Dr. Brian Troop
Superintendent, Ephrata Area School District,
Innovative districts are leveraging the power of educational technology to transform schools into places that inspire the skills and dispositions essential for future success. The traditional model of school was designed for another time based on what society knew about learning, the type of knowledge and skills society thought it needed and the type of educational experience they could actually provide to students. Today, changes in what we know about student engagement, what present-day society needs from future graduates and advances in educational technology have made the traditional model outdated.
Teaching in the modern era
We now know students are more engaged when they are allowed to give input on decisions about what they learn, how they learn it and the ways in which they demonstrate learning. Increases in student voice, choice and ownership spike engagement levels and accelerate learning.
As students progress through the educational system, the positive impact of increased autonomy over their learning has a cumulative effect and a positive social-emotional impact. The skillful use of educational technology can provide students the ability to increase ownership of learning, elevate their connection to learning goals and provide access to more authentic learning resources and audiences.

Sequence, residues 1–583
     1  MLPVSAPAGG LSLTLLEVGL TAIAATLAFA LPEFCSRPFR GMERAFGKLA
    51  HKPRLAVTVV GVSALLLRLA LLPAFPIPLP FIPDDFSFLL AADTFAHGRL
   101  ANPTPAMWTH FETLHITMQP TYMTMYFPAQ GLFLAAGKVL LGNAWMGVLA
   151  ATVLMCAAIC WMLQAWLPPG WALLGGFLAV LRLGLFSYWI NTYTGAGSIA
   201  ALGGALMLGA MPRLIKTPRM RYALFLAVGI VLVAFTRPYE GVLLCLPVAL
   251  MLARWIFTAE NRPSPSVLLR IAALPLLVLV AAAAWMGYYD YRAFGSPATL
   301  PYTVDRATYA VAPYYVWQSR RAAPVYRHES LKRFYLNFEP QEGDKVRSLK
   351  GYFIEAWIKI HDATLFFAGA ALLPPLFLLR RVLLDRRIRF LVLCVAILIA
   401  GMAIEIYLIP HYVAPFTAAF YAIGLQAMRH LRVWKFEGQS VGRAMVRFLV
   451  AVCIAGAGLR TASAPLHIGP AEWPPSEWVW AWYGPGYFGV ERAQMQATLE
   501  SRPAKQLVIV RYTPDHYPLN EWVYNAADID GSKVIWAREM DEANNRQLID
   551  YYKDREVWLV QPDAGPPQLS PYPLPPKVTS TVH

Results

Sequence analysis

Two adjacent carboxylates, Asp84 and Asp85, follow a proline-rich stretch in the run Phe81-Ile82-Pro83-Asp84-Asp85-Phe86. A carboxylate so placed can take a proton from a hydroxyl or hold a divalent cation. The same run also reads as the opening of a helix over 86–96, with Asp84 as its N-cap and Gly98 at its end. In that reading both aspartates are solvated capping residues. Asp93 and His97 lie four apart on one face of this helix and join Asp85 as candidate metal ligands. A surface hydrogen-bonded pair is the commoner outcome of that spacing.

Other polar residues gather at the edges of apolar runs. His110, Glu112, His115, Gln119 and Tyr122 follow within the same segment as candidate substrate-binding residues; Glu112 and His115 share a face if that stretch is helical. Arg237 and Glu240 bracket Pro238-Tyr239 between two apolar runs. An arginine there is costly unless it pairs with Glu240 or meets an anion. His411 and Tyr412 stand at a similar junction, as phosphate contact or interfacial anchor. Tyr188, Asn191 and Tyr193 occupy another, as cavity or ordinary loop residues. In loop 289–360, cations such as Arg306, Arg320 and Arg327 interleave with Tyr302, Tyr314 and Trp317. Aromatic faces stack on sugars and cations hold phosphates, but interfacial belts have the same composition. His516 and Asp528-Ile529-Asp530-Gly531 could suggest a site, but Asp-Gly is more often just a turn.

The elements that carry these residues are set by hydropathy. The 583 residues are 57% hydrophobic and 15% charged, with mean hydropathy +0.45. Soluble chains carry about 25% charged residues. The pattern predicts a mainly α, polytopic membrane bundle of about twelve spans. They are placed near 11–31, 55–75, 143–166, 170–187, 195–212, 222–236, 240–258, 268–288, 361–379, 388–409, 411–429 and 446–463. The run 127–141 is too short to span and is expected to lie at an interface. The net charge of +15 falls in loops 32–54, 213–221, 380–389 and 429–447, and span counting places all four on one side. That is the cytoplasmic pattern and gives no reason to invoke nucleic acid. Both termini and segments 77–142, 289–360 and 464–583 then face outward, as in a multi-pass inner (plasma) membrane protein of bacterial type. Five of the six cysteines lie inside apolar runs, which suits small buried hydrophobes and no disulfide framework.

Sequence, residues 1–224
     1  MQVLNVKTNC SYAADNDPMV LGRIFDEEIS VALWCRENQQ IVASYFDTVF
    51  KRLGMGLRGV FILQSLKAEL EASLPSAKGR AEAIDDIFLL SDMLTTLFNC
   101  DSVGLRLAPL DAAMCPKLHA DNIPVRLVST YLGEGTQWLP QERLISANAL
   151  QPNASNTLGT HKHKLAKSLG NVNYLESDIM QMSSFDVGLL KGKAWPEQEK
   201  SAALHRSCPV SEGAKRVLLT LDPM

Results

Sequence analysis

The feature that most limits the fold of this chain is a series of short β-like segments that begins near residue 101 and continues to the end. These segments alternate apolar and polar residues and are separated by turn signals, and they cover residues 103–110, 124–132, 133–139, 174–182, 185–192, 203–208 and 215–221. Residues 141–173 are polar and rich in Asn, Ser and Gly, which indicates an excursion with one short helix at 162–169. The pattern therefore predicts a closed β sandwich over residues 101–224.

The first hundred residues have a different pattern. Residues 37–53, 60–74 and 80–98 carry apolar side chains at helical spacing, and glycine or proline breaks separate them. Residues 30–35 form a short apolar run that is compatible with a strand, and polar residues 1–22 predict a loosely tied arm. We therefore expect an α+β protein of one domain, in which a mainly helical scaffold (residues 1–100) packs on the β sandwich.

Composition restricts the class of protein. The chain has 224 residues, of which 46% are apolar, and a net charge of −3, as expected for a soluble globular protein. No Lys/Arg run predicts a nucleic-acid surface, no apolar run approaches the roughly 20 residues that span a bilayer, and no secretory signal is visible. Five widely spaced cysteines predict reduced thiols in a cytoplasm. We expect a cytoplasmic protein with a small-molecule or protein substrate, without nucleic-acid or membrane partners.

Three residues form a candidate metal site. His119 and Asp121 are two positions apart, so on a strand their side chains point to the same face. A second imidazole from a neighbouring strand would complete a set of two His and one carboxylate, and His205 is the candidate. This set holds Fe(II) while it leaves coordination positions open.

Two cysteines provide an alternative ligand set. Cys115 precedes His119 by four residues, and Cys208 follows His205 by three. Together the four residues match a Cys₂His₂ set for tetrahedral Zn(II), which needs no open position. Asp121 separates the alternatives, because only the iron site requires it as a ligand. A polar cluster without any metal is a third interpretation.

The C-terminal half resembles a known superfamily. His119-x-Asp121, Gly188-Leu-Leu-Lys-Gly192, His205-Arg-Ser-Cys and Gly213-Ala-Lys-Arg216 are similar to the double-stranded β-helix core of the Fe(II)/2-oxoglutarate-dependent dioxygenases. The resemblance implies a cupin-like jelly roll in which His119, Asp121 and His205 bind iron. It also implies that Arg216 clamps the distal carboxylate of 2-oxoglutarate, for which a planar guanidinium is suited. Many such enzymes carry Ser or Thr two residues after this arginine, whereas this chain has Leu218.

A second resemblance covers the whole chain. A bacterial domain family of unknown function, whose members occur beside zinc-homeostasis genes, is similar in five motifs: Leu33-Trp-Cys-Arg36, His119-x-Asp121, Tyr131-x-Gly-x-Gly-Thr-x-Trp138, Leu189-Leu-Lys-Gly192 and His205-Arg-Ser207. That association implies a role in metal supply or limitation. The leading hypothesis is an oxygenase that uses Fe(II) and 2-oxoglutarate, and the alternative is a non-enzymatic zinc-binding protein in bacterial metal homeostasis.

Our society now needs graduates who have mastered content and developed skills beyond those traditionally measured by our standardized tests. Those graduates armed with the ability to apply content expertise creatively, solve problems, communicate in a variety of forms, and contribute to a larger team will be valued most. To fully equip our students for success in this technology-enriched world, we must aim higher and inspire the development of the skills essential for applying content knowledge in new and innovative ways.
Using new tools
Additionally, through the use of digital tools we have the ability to engage students in a significant amount of course content independently and in more personally relevant ways. While students engage independently through technology, educators have increased opportunities to interact with students, strengthen relationships, make connections to student aspirations and co-design next steps along their learning path. When used well, educational technology can help expand the reach of our students and educators to bring in outside experts and access learning goals in ways that produce deeper learning and empower authentic application of skills.
Creating the educational system our students need is not easy work. The inertia of a system that is both easy to measure and is viewed as sufficient from the perspective of most parents and adults makes it difficult to redirect. Only when transformation efforts are grounded in what we know about learning, aimed at the knowledge, skills, and dispositions that society needs, and led by empathetic educators leveraging the power of technology will we have school systems capable of producing exceptional graduates.